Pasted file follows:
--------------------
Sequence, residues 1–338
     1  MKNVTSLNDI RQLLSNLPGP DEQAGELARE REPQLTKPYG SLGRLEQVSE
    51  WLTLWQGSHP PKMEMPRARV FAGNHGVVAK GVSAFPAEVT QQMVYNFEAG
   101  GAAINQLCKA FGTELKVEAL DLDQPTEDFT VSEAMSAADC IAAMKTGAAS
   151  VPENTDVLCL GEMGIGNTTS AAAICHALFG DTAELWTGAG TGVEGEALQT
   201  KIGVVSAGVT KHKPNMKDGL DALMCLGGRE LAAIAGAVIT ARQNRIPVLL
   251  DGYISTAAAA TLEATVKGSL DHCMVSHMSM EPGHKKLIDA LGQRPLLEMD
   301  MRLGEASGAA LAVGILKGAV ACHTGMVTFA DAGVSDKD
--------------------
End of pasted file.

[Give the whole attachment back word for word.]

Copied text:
Sequence, residues 1–338
     1  MKNVTSLNDI RQLLSNLPGP DEQAGELARE REPQLTKPYG SLGRLEQVSE
    51  WLTLWQGSHP PKMEMPRARV FAGNHGVVAK GVSAFPAEVT QQMVYNFEAG
   101  GAAINQLCKA FGTELKVEAL DLDQPTEDFT VSEAMSAADC IAAMKTGAAS
   151  VPENTDVLCL GEMGIGNTTS AAAICHALFG DTAELWTGAG TGVEGEALQT
   201  KIGVVSAGVT KHKPNMKDGL DALMCLGGRE LAAIAGAVIT ARQNRIPVLL
   251  DGYISTAAAA TLEATVKGSL DHCMVSHMSM EPGHKKLIDA LGQRPLLEMD
   301  MRLGEASGAA LAVGILKGAV ACHTGMVTFA DAGVSDKD